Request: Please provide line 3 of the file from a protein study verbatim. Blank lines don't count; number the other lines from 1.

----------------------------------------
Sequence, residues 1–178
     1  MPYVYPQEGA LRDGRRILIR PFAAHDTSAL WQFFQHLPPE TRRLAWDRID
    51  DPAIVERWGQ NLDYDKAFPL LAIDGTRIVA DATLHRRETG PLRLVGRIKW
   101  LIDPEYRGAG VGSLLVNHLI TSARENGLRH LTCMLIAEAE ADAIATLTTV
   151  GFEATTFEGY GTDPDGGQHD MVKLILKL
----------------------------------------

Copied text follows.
    51  DPAIVERWGQ NLDYDKAFPL LAIDGTRIVA DATLHRRETG PLRLVGRIKW